Physics and Biology of Plant Growth
While in animals there is a distinction between the "growth" of the organism and its "behavior", in the case of plants, which are sessile and move by growing, these two aspects of living are not separable. This implies that plant growth includes behavioral aspects, which essentially involve monitoring of the environment, integration of information and decision-making. How do plant process information and how can their growth be modeled? The lack of a central computation organ (a brain) implies that information is processed within the tissue, affecting and coordinating growth. This makes growing plants a fascinating multidisciplinary system: From the biological side it is a multi-cellular system controlled by the complex bio-chemical network. From the computation aspect, it is a brainless system with "intelligence" embedded in its tissue. Finally, from the physical side, it is an "active solid" – an extended solid system, whose elements (cells) perform mechanical work, which drives the evolving geometry via physical laws. These different views do not contradict each other. Contrarily, they are complementary, as each highlights a different aspect of this inherently multidisciplinary system.
The interdisciplinary approach to plant growth is a rapidly growing field, which gathers researchers from botany, computer sciences, physics and engineering. Several main research directions are distinct in this field: Plant tropism, roots growth and leaf shape evolution. All of these topics involve growth regulation, evolving curved geometries, nonlinear field theories (such as reaction-diffusion and nonlinear elasticity) and solid mechanics.
Plant tropism: Plants are equipped with sensory systems which allow them to sense a variety of directional stimuli such as light, gravity, touch, and gradients of various chemicals. They respond by growing towards or away from that direction, called tropisms. For example plant shoot grow towards light (phototropism) and away from gravity (gravitropism). While the basic cellular sensory systems of these two tropisms have been identified (1) , it is the control mechanisms that process these signals which are still not understood. Recent experimental, computational and analytic studies have led to a new view on these important processes. The resultant dynamical system takes into account growth, distributed sensing, and elasticity (2, 3), however it is not yet completely understood. Most exciting are, perhaps, the clear indications of integration of signals (4), a clear signature of "information processing". This is of particular interest also in the recent field of plant-inspired robotics (5).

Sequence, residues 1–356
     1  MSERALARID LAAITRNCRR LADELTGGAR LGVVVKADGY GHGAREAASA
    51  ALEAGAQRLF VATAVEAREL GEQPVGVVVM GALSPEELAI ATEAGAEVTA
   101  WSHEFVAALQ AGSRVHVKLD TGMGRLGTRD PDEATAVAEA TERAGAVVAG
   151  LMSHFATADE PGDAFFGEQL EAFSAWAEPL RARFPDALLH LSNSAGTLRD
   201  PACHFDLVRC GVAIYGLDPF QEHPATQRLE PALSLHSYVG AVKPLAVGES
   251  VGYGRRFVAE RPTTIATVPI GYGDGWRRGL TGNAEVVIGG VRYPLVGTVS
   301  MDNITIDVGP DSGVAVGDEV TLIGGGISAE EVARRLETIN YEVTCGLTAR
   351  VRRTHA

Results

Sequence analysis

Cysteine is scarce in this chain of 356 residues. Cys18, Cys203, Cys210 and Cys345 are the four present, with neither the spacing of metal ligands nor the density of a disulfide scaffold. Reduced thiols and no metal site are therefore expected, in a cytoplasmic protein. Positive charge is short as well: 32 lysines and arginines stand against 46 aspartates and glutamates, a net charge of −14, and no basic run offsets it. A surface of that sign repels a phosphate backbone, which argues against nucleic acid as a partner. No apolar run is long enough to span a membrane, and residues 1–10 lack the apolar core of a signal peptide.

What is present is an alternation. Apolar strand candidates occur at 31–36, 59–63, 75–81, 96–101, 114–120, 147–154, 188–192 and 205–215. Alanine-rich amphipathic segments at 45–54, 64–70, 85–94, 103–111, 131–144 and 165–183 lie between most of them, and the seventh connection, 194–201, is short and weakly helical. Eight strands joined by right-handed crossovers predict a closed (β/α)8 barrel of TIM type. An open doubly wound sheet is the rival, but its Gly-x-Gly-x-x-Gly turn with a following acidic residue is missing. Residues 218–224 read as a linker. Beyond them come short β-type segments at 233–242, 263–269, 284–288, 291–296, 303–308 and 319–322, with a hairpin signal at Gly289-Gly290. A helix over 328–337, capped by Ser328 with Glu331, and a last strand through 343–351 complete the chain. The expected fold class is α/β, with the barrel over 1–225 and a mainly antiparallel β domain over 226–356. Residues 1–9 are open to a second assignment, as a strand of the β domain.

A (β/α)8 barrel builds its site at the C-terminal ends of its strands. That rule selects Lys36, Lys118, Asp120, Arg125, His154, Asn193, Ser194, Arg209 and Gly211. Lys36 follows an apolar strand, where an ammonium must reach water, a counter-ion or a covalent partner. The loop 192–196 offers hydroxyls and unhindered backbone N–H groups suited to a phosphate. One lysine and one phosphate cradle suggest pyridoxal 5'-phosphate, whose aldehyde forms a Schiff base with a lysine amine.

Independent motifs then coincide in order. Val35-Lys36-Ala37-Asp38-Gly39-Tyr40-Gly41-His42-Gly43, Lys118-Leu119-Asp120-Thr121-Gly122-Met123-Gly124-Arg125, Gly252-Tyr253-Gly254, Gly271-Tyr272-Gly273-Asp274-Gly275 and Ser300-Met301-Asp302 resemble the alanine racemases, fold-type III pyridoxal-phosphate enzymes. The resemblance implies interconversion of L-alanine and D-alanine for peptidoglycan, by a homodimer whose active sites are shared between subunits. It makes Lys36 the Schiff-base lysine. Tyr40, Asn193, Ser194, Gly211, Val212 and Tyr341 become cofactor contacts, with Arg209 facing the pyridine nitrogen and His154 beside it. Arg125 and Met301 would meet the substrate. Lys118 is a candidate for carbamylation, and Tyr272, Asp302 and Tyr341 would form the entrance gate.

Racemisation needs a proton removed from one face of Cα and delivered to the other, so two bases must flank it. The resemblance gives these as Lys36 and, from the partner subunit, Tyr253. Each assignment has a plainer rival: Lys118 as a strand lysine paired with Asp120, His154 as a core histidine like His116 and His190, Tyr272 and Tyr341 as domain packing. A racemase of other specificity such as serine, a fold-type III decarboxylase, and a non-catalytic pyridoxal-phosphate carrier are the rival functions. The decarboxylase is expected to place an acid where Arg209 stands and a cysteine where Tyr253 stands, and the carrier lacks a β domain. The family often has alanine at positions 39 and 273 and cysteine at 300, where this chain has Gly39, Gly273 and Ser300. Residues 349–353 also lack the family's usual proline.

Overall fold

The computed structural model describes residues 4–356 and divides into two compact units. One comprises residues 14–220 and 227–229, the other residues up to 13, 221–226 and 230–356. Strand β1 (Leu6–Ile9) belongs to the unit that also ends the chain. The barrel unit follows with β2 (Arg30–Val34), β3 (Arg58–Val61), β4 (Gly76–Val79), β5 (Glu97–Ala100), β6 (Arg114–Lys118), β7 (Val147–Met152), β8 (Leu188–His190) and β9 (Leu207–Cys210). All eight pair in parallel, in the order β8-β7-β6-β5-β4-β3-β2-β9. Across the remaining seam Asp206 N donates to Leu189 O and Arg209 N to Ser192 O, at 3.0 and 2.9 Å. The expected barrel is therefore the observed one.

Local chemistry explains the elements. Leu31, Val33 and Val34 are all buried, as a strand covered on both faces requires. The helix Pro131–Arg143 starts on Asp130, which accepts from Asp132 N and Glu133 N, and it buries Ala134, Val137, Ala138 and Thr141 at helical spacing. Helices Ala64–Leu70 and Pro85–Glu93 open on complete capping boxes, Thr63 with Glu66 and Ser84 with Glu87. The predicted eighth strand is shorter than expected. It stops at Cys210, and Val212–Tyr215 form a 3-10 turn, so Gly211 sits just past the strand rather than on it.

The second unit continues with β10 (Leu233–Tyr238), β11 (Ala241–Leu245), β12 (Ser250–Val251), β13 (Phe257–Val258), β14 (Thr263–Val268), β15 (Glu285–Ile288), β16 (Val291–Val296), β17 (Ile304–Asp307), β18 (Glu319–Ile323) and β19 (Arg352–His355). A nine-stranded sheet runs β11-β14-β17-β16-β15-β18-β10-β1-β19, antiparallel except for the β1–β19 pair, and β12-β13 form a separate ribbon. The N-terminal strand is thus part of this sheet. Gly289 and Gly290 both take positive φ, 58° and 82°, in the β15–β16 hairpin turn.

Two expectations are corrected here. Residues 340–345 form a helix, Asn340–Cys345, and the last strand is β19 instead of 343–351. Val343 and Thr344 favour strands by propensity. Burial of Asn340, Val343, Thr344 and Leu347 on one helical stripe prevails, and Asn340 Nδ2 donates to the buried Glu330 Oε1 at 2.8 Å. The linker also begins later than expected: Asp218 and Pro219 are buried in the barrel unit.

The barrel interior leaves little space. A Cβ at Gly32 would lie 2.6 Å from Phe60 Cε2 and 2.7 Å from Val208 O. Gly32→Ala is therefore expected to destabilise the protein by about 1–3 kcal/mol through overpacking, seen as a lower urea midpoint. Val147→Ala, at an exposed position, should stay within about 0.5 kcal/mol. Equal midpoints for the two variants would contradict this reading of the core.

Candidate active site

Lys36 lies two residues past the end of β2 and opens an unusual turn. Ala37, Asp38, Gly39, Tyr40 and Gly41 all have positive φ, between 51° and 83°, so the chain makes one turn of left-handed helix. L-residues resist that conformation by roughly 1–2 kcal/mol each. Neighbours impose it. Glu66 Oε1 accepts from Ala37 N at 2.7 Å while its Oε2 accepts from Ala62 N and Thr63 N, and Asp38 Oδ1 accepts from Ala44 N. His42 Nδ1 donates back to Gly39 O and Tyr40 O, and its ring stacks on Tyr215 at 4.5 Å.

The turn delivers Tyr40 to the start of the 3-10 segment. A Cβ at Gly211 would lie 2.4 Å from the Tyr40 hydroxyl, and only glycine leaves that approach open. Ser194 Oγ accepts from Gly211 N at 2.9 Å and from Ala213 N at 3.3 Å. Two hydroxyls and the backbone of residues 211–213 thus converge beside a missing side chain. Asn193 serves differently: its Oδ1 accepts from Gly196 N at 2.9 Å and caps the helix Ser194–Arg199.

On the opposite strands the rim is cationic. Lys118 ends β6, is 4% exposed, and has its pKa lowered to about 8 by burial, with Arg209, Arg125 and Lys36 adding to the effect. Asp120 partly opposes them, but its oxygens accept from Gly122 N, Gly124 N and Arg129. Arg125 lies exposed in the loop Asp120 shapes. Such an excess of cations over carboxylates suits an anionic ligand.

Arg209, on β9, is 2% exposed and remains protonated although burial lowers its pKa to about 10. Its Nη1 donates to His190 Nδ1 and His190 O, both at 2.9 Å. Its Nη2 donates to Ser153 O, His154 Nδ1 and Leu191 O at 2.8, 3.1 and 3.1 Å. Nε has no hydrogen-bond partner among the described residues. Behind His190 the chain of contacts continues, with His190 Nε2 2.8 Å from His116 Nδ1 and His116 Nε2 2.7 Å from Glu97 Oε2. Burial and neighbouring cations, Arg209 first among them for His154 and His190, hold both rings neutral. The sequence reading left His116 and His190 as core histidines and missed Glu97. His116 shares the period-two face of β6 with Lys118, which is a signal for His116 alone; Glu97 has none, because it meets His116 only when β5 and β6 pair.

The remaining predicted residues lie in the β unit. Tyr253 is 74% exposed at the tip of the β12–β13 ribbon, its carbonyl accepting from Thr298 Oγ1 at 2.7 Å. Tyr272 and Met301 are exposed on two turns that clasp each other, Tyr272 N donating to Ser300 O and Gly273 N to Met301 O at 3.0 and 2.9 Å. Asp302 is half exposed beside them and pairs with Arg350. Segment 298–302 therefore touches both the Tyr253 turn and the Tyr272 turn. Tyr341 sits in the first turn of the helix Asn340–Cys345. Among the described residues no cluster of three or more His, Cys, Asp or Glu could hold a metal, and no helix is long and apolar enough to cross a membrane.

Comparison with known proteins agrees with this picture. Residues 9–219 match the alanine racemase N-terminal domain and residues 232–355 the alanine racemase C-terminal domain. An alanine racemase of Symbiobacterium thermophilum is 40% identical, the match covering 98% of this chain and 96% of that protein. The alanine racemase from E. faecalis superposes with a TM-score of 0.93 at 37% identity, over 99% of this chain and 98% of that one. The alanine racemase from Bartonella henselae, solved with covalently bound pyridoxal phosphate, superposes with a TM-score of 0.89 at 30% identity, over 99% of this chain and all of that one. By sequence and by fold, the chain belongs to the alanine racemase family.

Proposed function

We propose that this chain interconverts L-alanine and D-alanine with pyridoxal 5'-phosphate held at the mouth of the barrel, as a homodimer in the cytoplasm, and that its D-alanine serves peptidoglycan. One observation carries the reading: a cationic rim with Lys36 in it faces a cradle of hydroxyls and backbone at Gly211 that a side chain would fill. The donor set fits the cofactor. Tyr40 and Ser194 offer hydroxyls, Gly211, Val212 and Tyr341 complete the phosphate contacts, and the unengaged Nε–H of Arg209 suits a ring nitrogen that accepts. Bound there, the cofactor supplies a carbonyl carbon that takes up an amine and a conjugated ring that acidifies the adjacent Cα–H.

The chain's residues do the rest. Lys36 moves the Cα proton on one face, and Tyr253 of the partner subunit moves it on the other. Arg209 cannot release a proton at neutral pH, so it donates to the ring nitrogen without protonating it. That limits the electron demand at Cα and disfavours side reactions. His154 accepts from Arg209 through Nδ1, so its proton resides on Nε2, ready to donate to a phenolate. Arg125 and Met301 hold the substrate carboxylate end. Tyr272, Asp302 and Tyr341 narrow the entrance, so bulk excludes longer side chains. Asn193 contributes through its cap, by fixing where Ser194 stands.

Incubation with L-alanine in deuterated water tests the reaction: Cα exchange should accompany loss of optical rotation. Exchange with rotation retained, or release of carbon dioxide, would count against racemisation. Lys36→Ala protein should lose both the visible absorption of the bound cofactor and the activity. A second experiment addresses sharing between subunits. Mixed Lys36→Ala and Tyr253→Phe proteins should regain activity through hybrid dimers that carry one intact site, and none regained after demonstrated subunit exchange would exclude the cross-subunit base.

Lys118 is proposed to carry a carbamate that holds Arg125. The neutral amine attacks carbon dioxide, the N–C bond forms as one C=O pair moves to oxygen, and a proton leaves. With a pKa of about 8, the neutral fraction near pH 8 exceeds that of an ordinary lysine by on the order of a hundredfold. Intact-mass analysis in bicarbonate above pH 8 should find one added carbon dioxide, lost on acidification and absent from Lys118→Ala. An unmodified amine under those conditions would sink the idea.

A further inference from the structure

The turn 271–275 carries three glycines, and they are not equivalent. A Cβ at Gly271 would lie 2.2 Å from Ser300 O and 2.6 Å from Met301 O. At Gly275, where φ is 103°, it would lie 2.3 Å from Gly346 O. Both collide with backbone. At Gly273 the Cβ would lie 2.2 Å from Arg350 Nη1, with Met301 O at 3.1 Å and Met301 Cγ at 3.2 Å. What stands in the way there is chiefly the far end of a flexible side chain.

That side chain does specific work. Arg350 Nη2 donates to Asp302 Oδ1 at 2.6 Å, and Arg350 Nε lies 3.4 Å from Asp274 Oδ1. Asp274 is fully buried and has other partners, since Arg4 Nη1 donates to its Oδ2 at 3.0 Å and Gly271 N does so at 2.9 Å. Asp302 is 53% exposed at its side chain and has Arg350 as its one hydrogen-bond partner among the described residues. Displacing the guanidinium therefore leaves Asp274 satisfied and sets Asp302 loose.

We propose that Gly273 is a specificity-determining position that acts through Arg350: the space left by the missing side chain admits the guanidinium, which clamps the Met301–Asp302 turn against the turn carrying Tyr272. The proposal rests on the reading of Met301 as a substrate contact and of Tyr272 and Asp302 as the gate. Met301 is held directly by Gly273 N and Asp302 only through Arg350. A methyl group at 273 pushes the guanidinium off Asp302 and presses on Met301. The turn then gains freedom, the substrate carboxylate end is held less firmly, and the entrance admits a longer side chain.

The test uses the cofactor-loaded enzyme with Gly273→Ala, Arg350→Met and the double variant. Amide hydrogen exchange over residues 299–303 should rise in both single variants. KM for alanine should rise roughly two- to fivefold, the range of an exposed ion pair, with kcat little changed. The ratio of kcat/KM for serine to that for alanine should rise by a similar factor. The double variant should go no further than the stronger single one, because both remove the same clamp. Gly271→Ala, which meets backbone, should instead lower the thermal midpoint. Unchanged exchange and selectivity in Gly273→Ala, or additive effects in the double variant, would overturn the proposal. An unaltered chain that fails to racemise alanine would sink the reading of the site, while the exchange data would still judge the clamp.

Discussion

Roots are quasi one-dimensional structures with highly non-trivial tasks. They have to penetrate into a highly heterogeneous granular medium, to split and spread in order to provide coupling to the soil. Modeling of roots growth is motivated by biological and agricultural interests and also, more recently, by the robotics community, which seeks biomimetic principles for underground robots (6). The study of root growth revealed that the change in root growth direction stems from a combination of sensing with specialized organs, which results in growth hormone (auxin) redistribution (7) and mechanical response of the root and the medium in which it grows (8). This can give rise to intriguing growth patterns which biological purpose is still under debate (9).
Leaves face a different challenge: how to achieve the "proper" leaf shape. Unlike 1D curves, 2D surfaces require compatibility conditions, expressed by the Gauss-Minardi-Coddazzi equations (10) that link between the surface's metric and curvature. Non-uniform growth would dictate a non-Euclidean metric and the leaf would thus crinkle and crumple due to internal stresses. It is thus not clear how a leaf, which lacks a central control "unit", manages to grow properly (most often flat) despite the highly heterogeneous local growth (11). This requires growth regulation system, embedded within the tissue. From the physical point of view, it can be described as an effective rheology of an active solid sheet (12). First experiments, simulations and models (13) only start to reveal these complex biological-mechanical-geometrical processes.
As reviewed here, plant growth introduces new types of scientific questions that involve biology, physics, control and geometry and span many orders of length and time scales. These must be addressed in a multidisciplinary approach that involves experiments and computation methods which include modeling and basic theoretical study. The proposed conference will be a milestone in this direction.
Idan Efroni ( Hebrew University ) - Organiser
Yasmine Meroz ( Tel Aviv University ) - Organiser
Ido Regev ( Ben-Gurion University ) - Organiser
Sigal Savaldi-Goldstein ( Technion ) - Organiser
Eran Sharon ( Hebrew University ) - Organiser